Posted: 14 Jan. 2021 8 min. read

Predictions 2021: Workplace

Hybrid workplaces are here to stay—with profound implications for work and society

Before 2020’s global pandemic, the majority of workers across the world performed nearly all their work at an employer-provided workplace. That model was upended as millions of workers were advised—and in some cases, required—to redefine the spaces in which work gets done. So began what many are calling the largest remote work experiment of all time. The results are clear: more workers than ever thought possible can work remotely.

In 2021, we predict organizations will continue to utilize hybrid workplaces, but whether or not companies should use remote and nontraditional work arrangements will long be debated. While there is still much research to be done on the effects of long-term remote work on worker productivity and wellbeing, the workplace has changed forever.

Three types of workplaces in the new world of work

As we enter the new year, the structure of the workplace will depend on the organization and the work to be done, worker needs and preferences, and the beliefs and behaviors of leaders and colleagues. HR will need to work with business leaders to make decisions at both the strategic and individual worker level—and help the organization navigate those changes effectively. Given the opportunities presented by this year’s challenges, it seems inevitable that the workplaces of tomorrow will lean toward “hybrid” models that include some combination of workers who:

  • Work onsite at an employer facility
  • Work remotely / offsite
  • Work sometimes onsite and sometimes remotely

Potential implications for workers, employers, and society vary greatly across the three types of workplaces. Specific work arrangements will vary from organization to organization, but individual decisions—while setting a precedent and a framework for the future—need to be able to evolve continuously in a new world of work. We offer the following table offers to view, organize, and compare some of the implications across different workplaces.

Potential implications of workplaces

The potential implications of hybrid workplaces range from effects such as expense policies and worker commute times to more critical impacts such as the disruption of supply chains or even broader societal impacts such as population dispersal and other environment or community implications. Organizations should be cognizant of this range of consequences and must intentionally address challenges to organizational culture and worker engagement. Importantly, new capabilities will be required as organizations establish principles and processes to guide decisions about what work will be done in which workplaces while equipping managers and leaders with the tools and skills to enable positive worker experience across all workplaces.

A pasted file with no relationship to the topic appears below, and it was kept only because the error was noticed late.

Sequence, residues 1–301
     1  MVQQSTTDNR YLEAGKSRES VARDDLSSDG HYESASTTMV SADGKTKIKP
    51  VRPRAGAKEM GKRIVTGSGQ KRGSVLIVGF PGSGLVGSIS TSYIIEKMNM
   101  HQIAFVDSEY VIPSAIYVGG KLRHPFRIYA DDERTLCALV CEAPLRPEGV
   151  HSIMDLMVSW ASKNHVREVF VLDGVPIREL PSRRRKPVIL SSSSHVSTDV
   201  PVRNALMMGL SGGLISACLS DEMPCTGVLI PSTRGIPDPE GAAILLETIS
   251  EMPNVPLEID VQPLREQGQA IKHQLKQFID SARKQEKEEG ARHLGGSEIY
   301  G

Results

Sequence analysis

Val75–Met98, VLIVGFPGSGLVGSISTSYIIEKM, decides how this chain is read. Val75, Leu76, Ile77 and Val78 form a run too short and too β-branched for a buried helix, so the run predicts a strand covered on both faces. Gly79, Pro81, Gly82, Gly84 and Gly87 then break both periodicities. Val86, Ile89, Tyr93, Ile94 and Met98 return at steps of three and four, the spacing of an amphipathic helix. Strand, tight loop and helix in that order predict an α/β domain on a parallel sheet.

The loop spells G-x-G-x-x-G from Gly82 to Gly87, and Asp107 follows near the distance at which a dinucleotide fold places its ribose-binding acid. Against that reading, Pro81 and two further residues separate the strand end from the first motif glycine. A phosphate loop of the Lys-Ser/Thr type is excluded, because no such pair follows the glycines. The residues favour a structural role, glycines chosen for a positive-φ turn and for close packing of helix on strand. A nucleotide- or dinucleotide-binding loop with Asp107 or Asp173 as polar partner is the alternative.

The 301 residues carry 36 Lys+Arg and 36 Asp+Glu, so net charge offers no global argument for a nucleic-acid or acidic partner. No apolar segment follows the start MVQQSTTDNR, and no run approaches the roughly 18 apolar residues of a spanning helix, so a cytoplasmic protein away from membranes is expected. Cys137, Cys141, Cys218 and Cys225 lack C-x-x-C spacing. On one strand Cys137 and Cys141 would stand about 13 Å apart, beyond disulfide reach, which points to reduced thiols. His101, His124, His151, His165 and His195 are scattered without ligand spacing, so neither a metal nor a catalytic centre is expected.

Looking ahead 

For most organizations, some degree of virtual work is here to stay. Organizations will be well-served to proactively manage their hybrid workplaces instead of clinging to past approaches. Managing any individual workplace type is a significant undertaking, but the nature of a hybrid workplace presents a new set of unique challenges.

To begin managing the holistic architecture of work across your organization:

  • Set your future-of-work strategy. Determine the right combination of work, workplaces, and workforces critical to your future success.  
  • Involve workers. Communicate with workers and leverage their unique perspective as being closest to the work to develop capabilities and purposefully invest in your future workforce.  
  • Design inclusively. Intentionally tailor your hybrid workplaces with programs and policies, including worker wellbeing and health and safety approaches. 
  • Invest in the workplace. Consider where automation and technologies may help increase workplace flexibility for segments of your workforce. 

The workplace disruptions caused by the global pandemic will endure. The realization that, in many cases, workplaces can be a fluid mix of onsite, offsite, and mixed/hybrid models opens up new possibilities for each organization—as well as new challenges. By focusing on inclusion, cocreation, and the future in their workplace designs, leaders can design and uncover entirely new ways of interaction and value creation among the workforce.

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Pete DeBellis

Pete DeBellis

Research Leader | Total Rewards

Pete leads total rewards research for Deloitte. Pete has a deep understanding of the various tools organizations use to attract, motivate, develop, and retain talent—from compensation and benefits to worker wellbeing programs to experience and actualization opportunities, among others. His experience, gained as in-house rewards professional for public companies and as a consultant, helps him understand the critical linkages between total rewards, human resource strategy, and overarching business objectives. Pete holds a Bachelor of Science in industrial and labor relations from Cornell University.

Tim Davis

Tim Davis

Senior Research Analyst | Deloitte Consulting LLP

Tim is an industrial organizational psychologist and data scientist. At Deloitte, he is a senior research analyst on the Research Ideation team. His job is to ideate, innovate, and execute on topics relevant to the future of work and the digital disruption of HR. Utilizing modern data science methods to create new research insight, Tim supports our members through continued research excellence. He holds a Bachelor of Science degree in psychology from Harding University and a Master of Science degree in industrial and organization psychology from the Florida Institute of Technology. He is currently pursuing a Doctor of Philosophy (PhD) in Industrial and Organizational Psychology from the Florida Institute of Technology.